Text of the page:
Laughter reverberated through the Professional Building Conference Room at St. Catherine Hospital Sunday morning, as local cancer survivors and their loves ones gathered for the 32nd annual National Cancer Survivors Day Breakfast. They shared pancakes, swapped stories, and celebrated life.
National Cancer Survivors Day® is marked worldwide on June 2 to raise awareness to the challenges cancer survivors face and remind everyone that life after cancer is something worth celebrating. Local survivors, their families, nurses, doctors, and staff from the Cancer Resource Centre and Community Healthcare System facilities--St. Catherine Hospital, Community Hospital and Hartsfield Village-- celebrated together at this year’s event.
Guests received goodie bags, t-shirts, and took fun photos with accessories provided at the photo booth.
For Anne Herbert, a stage four breast cancer survivor from Hammond, the opportunity to meet with others who shared her struggles meant a great deal.
"We celebrate each other's journeys and each other's success," Herbert said. "I think that helps each one of us to feel good about what we've gone through.”
In keeping with the theme of this year’s National Cancer Survivors Day, “Relax, and Enjoy Life,” festivities kicked off with a restorative chair yoga demonstration, led by Susan Hynek, Wellness Coach and Outreach Sales Coordinator at Community Healthcare System's Hartsfield Village in Munster.
Afterward, breakfast was served while Leo Correa, St. Catherine Hospital CEO, and Hermatologist-Oncologist Amer Sidani MD addressed the crowd.
"We're excited to have this event here, and we hope to continue it and grow it over the years across Community Healthcare System," he said. "It's wonderful for us to honor our patients and their fight against this disease, and give them an opportunity to meet other survivors and talk about their journey. It's an opportunity to recognize their loved ones, their caretakers, physicians, providers, their nurses, and everyone who has helped them along the way. It gives all of us a chance to celebrate their successes."
Sidani stopped to speak with guests at each table and told them, “For me, one of the most rewarding aspects about being an oncologist is building a relationship with my patients in their journey.”
In recent years, the location of the cancer survivors’ event has alternated between Community Hospital, Munster, and St. Catherine Hospital, East Chicago, giving patients an opportunity to hear about the healthcare system’s scope of cancer services.
During this year’s event, Correa announced that the Oncology Center program at St. Catherine Hospital is undergoing expansion. The hospital took the national spotlight in 2005 when it became the first hospital in Indiana and Chicagoland to acquire CyberKnife®, advanced technology used for pinpoint precision treatment of inoperable tumors. Now, the Cancer Center is expanding to house 12 to 14 infusion therapy rooms and three to four exam rooms, with a central intake area for infusion services, provider services, CyberKnife® and radiation therapy. The center will offer American Cancer Society, nutrition support and therapy services on an inpatient and outpatient basis.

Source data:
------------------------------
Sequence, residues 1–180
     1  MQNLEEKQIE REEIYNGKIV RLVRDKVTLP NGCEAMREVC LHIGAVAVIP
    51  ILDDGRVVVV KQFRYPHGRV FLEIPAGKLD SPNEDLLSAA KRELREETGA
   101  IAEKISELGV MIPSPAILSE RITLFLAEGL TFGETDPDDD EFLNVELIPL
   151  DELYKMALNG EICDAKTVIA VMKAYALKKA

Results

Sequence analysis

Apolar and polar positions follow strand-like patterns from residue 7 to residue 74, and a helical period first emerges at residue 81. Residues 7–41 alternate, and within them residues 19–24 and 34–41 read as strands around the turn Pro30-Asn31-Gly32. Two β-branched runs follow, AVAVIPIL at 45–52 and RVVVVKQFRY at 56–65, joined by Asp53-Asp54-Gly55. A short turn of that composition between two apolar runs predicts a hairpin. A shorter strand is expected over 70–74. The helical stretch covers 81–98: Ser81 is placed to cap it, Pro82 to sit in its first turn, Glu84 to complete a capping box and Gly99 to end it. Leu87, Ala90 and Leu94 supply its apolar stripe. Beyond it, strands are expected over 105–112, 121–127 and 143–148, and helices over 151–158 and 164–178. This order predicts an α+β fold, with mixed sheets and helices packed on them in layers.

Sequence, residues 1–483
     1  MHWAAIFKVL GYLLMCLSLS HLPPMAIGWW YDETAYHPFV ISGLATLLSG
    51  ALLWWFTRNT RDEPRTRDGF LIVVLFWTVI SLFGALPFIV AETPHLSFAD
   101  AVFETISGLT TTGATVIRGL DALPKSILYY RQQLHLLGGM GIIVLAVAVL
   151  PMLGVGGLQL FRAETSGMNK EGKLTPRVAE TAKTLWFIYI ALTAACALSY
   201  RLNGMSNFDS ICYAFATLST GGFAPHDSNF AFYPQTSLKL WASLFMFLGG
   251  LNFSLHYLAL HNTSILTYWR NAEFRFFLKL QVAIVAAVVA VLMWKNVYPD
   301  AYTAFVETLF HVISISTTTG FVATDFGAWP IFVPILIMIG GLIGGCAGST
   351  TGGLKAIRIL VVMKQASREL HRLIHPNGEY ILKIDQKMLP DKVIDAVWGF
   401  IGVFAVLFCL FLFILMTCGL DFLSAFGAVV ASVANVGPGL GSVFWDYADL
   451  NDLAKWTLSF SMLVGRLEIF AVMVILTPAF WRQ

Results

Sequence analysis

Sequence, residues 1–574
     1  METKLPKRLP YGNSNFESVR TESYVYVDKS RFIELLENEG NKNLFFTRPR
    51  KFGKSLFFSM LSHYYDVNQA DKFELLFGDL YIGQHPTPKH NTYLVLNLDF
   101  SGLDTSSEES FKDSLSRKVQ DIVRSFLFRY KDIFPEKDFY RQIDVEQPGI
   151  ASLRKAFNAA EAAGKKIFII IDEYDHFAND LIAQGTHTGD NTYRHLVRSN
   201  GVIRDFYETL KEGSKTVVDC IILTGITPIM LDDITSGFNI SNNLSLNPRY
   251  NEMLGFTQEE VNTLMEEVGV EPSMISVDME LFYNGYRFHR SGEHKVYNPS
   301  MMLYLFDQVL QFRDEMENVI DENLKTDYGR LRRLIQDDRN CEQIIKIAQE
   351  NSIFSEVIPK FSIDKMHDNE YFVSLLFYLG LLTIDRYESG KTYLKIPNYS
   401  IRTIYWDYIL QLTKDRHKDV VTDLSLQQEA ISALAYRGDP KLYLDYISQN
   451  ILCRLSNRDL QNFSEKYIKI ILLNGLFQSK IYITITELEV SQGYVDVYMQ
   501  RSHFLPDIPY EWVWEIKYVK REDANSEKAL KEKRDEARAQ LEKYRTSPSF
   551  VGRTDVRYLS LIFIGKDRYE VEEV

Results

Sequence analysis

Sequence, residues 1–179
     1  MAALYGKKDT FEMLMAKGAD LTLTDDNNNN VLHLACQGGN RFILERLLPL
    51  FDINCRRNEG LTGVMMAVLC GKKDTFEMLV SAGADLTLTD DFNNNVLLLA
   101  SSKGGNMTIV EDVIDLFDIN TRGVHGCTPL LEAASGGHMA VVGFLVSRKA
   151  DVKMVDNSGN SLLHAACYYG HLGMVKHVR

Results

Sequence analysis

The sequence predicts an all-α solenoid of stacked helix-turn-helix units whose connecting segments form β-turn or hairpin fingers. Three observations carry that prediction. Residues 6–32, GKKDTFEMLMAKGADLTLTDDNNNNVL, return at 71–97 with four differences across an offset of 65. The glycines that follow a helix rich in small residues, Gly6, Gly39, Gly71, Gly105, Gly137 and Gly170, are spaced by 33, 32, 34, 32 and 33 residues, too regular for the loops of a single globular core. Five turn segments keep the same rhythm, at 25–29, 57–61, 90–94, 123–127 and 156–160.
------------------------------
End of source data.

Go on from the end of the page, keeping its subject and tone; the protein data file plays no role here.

“A new area of the Cancer Center that I’m particularly excited about is access for our patients to a Healing Garden,” Correa added.
Sidani said that he is confident the expanded services will mean a great deal to those in his care. "Our patients have been really appreciatitive that they don't have to travel far to get state-of-the-art- oncology care," he said.
“We’ve long been known for our advanced, compassionate cancer care here at St. Catherine Hospital and through our affiliation with Community Healthcare System,” Correa added. “Now we're at the point where we're able to step up our level of care, and I'm very excited to be a part of it."
As part of St. Catherine Hospital’s oncology services leadership team, Alanna Hunter-Parks, Nurse Manager of Inpatient Medical-Surgical Oncology and the Outpatient Infusion Oncology Center, was very proud to have staff join in Sunday’s celebration.
"It means a lot to us. It's important to show how much we care, and celebrate life beyond treatment of this disease."
“Cancer survivors live full, productive lives,” said Anthony Andello, director of the Cancer Resource Centre. “This special day celebrates them and their accomplishments.”
To close out the morning event, survivors gathered around a table laden with art supplies. Each took turns applying acrylic paint and glitter with colorful swirls, shapes, and words to a shared canvas. The work of art will be put on display to honor their spirit and creative energy during future celebrations by St. Catherine Hospital and the Cancer Resource Centre.
The breast cancer survivor Dal Sacramento from Highland was deeply moved by the gesture. A friend and fellow survivor texted her earlier in the week and invited her to come, but she almost didn’t make it.
"I'm so glad I came,” Sacramento said. "I thoroughly enjoyed it. I've had a wonderful time. I'm just so inspired by all the ladies and all the wonderful things that this hospital has offered here."
To learn more about the hospitals of Community Healthcare System and quality cancer care close to home, visit www.COMHS.org.
If you would like to attend future cancer survivor celebrations or learn more about the support programs of the Community Cancer Research Foundation's Cancer Resource Centre, 926 Ridge Rd., Munster, call 219-836-3349 or visit www.cancerresourcecentre.com.
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